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Hiring a Pro Leaves No Room to Chance
Posted By John Harrington On July 15, 2009 @ 6:55 am In Advice for Clients | 7 Comments
There’s been a lot of talk that amateur photographers are a threat to the livelihoods of professional photographers these days. I just don’t see it.
Consider the different kinds of amateurs you come across. There’s the photographer who has an unlimited amount of time to accomplish an image. There’s the student, who has a week or two to complete an assignment on, say, lighting a bowl of fruit. There’s the hobbyist who captures an occasional great image and posts it on Flickr or iStock.
Are these photographers a threat to the professional photographer who works on assignment? I submit that they are not, in virtually every case.
Experienced clients demand the continuity and consistency that only a professional photographer can bring to the table. They want a track record of success. They’re also more impressed by clips and covers than sample work on a Web site, because these are real-world demonstrations that you can deliver on time with a high degree of certainty.
When you are a student, you might shoot an assignment three or four times, realizing you missed a critical issue each time, and then finally get it right.
The hobbyist photographer can take thousands of images of the sunset, their kids, and so on and, based upon the law of averages, eventually get an amazing shot. Sometimes, they simultaneously discover “how” they created such an amazing image, and thus can repeat it. Usually, however, they don’t.
The Definition of a Professional
No one has to say she’s a “professional accountant” or “professional doctor.” Unfortunately, we do have to say we are “professional photographers” to distinguish ourselves from amateurs.
Why? As Merriam-Webster explains it, to be a professional can mean to participate “for gain or livelihood in an activity or field of endeavor often engaged in by amateurs.” Like a professional golfer, for example.
Rob Haggart at A Photo Editor defined professional  by quoting chef Mario Batali, who said that the difference between an “amazing amateur chef and a professional chef is the ability to make that perfect meal 100 times in a row.”
Einstein once famously said, “The definition of insanity is doing the same thing over and over again and expecting different results.” So I’ll use the inverse of that for my own definition of “professional” —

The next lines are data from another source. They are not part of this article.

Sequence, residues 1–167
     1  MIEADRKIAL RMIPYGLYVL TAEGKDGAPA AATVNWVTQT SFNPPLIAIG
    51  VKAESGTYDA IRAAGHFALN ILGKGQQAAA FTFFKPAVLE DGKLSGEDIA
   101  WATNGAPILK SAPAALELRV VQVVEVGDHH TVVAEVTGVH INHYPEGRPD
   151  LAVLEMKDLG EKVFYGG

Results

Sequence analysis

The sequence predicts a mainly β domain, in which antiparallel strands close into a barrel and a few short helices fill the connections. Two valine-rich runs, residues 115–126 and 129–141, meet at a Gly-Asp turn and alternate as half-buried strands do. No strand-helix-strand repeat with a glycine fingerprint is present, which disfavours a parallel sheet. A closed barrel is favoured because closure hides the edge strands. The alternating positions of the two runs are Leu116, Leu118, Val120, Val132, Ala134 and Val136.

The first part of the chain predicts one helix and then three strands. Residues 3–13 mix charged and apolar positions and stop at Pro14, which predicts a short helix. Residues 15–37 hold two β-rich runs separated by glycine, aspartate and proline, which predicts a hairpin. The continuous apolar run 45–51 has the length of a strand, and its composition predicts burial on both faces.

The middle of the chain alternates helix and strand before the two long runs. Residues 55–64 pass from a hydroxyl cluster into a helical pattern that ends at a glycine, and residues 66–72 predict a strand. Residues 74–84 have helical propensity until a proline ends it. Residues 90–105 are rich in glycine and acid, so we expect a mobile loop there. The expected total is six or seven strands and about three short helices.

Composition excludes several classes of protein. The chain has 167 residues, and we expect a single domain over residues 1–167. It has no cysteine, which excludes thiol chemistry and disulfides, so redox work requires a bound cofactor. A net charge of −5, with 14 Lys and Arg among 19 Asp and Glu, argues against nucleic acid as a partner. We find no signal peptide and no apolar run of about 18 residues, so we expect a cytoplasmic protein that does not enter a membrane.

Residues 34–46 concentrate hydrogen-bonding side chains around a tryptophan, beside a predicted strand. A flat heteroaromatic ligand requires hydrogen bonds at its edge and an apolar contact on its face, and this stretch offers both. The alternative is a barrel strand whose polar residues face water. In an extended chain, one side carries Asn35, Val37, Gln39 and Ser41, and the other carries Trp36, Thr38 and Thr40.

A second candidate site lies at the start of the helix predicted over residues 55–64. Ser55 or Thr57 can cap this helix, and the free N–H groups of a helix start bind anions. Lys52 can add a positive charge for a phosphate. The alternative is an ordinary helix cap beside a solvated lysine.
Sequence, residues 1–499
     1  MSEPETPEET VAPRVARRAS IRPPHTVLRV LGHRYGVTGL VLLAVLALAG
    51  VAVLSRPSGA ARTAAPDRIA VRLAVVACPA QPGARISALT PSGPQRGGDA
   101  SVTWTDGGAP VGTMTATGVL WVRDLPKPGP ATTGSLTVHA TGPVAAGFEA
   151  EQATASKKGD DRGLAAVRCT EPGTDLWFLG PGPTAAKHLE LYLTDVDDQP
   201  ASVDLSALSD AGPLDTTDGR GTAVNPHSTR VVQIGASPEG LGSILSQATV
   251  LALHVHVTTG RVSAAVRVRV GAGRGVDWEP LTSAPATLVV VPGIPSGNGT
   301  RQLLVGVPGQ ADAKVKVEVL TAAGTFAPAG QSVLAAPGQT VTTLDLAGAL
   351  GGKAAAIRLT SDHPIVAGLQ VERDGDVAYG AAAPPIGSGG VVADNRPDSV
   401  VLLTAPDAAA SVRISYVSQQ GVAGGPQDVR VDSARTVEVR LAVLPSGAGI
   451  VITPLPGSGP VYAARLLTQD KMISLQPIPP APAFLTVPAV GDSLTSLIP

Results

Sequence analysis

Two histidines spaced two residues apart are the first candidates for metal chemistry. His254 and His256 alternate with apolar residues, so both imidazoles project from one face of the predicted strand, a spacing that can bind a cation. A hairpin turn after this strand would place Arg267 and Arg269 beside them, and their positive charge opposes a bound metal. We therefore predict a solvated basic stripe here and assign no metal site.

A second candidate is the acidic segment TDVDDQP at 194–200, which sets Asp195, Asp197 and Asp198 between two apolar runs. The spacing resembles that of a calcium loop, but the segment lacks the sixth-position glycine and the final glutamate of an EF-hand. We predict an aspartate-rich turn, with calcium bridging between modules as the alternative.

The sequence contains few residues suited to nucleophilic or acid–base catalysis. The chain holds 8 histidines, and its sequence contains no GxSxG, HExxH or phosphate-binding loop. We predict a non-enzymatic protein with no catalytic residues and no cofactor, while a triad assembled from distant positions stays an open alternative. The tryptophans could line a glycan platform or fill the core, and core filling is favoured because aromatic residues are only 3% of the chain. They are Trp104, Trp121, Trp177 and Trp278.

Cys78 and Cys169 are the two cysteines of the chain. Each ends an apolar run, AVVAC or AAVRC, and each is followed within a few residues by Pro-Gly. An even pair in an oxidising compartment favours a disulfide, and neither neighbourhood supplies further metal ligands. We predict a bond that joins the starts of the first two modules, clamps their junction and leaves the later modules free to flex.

A professional is someone who does the same thing over and over again expecting similar results.
The Client’s Best Interests
How many times can a magazine’s photo editor commission an assignment and get nothing usable back before his job is on the line? Once? Twice? If twice every other month a shoot were unusable, that editor’s judgment would be called into question and in short order he would be out of a job.
What happens to the advertising agency’s art director, when the photographer can’t deliver while the art director and client are both on set, and the shoot fizzles? How many failures like that can occur before the agency loses the account, and the art director loses her job?
The biggest challenge for the photo editor, art director, or other photography client is to separate the wheat from the chaff. That means separating the professional who can deliver every time from the amateur — who may have a nice online portfolio but who can’t be counted on with the same degree of certainty.
The mistake some clients make is that they don’t compare apples to apples when choosing a photographer. They may see, for example, that a photographer has produced some nice stock images. That’s fine if you are interested in purchasing a stock image — but not if you are looking for an assignment photographer.
When you are assigning a job for a one-time event that is not re-shootable, you better find someone with a proven track record in precisely that kind of work. Hire someone who does the same thing over and over again — and always gets superior results.
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 defined professional: http://www.aphotoeditor.com/2007/10/22/define-professional/
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